As happened in North Africa, protests in Swaziland began about rising food prices and falling wages. However, with time attitudes have hardened and calls for political reform have been made. Journalists currently seem to lump protests in repressive countries together. Many who haven’t been to Swaziland, a small mountainous kingdom surrounded by South Africa on three sides and Mozambique to the east, want to group it with the “Arabian Spring”; a long serving incumbent, repressive police and an impoverished youth. The situation in Swaziland is different. The majority of the protesters are not pushing for an overthrow of the king, rather an end to the 38 years of autocratic rule and a return to constitutional democracy. The Swazi government mandated a ten percent cut in civil service salaries as the King was granted an extra $6 million in his annual allowance, yet King Mswati is still largely popular. Although 70% of the population live on less than 1 dollar a day many Swazis still speak warmly of King Mswati’s stabilising influence and his role in upholding Swazi culture. On my last visit, street traders in Manzini and Mbabane still did a brisk trade in fabric adorned with King Mswati’s face.  
On the 18th of April, the 38th anniversary of the banning of political parties by King Mswati’s father King Sobuzha II protests took place. Students, trade unionists and members of banned political party’s took to the streets of Manzini to call for the resignation of the current government and a return to party politics. The King responded by declaring the demonstration illegal and ordering the police were to break up the protesters with water cannons and a spate of arbitrary arrests. Civil rights protesters allege that they are coming under increasing pressure from the country’s security apparatus and Mcolisi Ngcamphalala, of the Swaziland Youth Congress said he was held and tortured by police for 24 hours.
Swaziland is party to the International Covenant on Civil and Political Rights which guarantees the right to hold opinions without interference the right to freedom of expression, the right to peaceful assembly and the right to freedom of expression. It also committed itself to the Commonwealth’s Harare Declaration which guaranteed human rights and the right for people to frame the society in which he or she lives. These rights are being systematically denied by Mswati and the Commonwealth has a duty to bring Swaziland back into line.
However instead of condemnation the Commonwealth has at best remained silent, at worst it has been cozying up to King Mswati. Queen Elizabeth II as the formal head of The Commonwealth will welcome King Mswati to the royal wedding, whilst Kamalesh Sharma the current Secretary General has failed to mention the situation in Swaziland, despite last week being less than 100 kilometres away in neighbouring Mozambique. It is perhaps more embarrassing that Sharma’s predecessor, Don McKinnon, accepted an award from King Mswati for his work on the 2005 constitution which still left 1.2 million Swazis with no political parties or genuine democratic choice.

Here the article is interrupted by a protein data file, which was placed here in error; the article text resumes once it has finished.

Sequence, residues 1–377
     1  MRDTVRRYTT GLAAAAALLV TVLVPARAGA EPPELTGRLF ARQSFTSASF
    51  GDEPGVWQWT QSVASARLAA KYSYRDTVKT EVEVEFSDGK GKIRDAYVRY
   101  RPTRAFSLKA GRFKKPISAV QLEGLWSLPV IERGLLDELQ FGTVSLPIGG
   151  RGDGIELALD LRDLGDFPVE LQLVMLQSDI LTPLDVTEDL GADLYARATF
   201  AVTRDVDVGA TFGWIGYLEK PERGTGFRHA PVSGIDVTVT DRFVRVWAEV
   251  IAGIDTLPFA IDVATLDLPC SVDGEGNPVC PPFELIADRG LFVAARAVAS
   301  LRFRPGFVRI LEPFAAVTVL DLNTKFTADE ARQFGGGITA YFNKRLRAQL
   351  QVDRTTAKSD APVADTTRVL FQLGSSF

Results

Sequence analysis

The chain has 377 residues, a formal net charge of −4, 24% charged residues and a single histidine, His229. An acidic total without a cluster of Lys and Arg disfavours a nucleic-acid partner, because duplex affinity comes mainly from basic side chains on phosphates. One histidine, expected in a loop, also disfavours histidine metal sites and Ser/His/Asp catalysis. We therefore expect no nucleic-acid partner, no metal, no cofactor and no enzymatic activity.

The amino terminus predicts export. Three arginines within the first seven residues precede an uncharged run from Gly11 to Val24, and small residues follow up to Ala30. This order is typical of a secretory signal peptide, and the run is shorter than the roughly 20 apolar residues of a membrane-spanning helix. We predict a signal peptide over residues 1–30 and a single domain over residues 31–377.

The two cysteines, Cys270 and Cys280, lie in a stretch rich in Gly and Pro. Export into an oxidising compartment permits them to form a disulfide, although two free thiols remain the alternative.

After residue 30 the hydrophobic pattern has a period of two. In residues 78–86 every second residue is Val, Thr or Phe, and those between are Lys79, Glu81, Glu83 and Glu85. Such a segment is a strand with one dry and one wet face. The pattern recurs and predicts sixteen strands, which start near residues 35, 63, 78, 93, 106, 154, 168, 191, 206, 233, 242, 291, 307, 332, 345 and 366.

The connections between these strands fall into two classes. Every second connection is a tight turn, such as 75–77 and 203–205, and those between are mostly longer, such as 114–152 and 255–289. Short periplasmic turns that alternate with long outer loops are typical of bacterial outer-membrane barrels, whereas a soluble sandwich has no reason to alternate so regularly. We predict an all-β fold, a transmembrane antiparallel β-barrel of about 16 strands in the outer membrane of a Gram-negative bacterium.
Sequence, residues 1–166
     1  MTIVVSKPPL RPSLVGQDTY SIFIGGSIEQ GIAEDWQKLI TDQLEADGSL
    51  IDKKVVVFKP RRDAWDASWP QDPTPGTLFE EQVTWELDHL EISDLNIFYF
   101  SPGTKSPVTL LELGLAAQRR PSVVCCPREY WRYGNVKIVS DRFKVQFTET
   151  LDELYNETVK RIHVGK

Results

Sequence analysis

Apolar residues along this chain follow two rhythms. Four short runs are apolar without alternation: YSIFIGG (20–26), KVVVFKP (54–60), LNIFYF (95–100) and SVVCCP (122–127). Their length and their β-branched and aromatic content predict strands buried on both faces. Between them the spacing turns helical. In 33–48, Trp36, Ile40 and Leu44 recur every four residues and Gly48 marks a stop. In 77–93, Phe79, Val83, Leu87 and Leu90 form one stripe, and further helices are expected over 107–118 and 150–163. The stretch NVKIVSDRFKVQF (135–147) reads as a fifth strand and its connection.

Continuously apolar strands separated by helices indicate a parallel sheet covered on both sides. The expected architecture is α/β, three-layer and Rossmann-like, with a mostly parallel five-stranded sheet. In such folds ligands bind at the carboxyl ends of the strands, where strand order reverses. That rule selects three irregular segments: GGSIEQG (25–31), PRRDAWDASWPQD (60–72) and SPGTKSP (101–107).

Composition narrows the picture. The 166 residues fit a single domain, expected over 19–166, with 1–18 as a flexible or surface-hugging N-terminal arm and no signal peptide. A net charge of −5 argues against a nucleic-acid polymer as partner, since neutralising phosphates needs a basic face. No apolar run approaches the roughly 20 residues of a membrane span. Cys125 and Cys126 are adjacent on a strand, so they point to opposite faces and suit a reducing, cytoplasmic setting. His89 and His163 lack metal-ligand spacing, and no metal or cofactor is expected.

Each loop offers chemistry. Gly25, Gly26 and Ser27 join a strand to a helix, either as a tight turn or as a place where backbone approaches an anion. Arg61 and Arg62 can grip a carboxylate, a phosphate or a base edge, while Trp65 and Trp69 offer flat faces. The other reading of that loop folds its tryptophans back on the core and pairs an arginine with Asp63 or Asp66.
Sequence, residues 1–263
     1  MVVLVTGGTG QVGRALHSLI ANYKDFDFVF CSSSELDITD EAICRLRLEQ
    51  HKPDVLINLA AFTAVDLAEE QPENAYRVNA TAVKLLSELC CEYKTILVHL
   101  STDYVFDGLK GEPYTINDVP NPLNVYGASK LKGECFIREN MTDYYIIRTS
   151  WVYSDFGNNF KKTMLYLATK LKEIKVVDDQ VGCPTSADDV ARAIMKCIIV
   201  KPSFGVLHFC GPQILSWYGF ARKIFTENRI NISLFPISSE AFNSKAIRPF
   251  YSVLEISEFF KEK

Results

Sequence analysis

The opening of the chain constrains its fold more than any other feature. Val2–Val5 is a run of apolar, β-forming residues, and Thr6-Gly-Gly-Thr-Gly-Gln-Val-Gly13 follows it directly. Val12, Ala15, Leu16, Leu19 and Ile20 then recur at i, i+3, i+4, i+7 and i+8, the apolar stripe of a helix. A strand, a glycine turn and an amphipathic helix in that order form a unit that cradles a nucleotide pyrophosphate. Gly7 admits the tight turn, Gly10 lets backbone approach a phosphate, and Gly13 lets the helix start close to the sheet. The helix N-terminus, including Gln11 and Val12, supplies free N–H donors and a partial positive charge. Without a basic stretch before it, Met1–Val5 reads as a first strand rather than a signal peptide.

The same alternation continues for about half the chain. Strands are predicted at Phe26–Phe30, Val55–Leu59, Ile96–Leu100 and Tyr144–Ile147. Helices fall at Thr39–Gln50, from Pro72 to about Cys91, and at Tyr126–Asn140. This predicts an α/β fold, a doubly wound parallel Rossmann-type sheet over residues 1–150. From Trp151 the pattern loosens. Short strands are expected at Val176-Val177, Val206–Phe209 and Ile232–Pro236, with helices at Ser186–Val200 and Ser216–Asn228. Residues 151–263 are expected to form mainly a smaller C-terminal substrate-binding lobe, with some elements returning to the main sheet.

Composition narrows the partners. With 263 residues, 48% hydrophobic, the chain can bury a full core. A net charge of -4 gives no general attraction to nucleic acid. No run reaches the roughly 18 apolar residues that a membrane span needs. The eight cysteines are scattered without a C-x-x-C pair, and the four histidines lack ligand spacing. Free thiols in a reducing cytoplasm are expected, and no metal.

If the Commonwealth is to remain relevant and understood it must begin to practice what it preaches. If it is truly committed to human rights and democracy it must insist on member states like Swaziland acting as if the standards the Commonwealth has given itself really matter.  Otherwise it will remain an ghostly remnant of some half forgotten dream of what might have been in people’s minds only coming to prominence at British royal weddings and at the next Commonwealth games.
Henry Wilkinson, Human Rights Advocacy, CHRI Africa Office
This is article was published in The Ghanian Times, 29/04/11 (p.8) visit www.newtimes.com.gh/ and The Chronicle, (p.14.) 29/04/11 visit www.ghanaian-chronicle.com


  1. Sorry if you have noticed some teething problems with getting the foramt of the post up correctly - blogspot dosn't want to play ball today

  2. Interesting final point but I think the problem with interventions are numerous. Firstly Great Britain has to be very careful about intervening in ex-colonised countries, the external view could be damning to say the least. What Britain was hoping for with Libya and Egypt was involvement from the Arab League, I think this sums up current policy, Britain cannot lead the way as people may mis-interpret intervention as a route to gain power, it needs local nations to take responsibility. Secondly, in such economic times it is very hard for us to cut economic ties, the cost to trade and also the financial position it could put you in if issues escalate could be perceived negatively by the GB public. I don not necessarily think that but I see the political motives

  3. Henry Wilkinson, CHRI3 May 2011 at 04:51

    David. Thanks for the comment. I can see the issues with foreign interventions.

    However with the Commonwealth, it has long since stopped being the "British" Commonwealth and is now an international organisation in its own right. (It is currently run by Mr Sharma an Indian national). Consequenly intervention need not come through British instigation but through the Commonwealth as a multilateral organisation of independent states.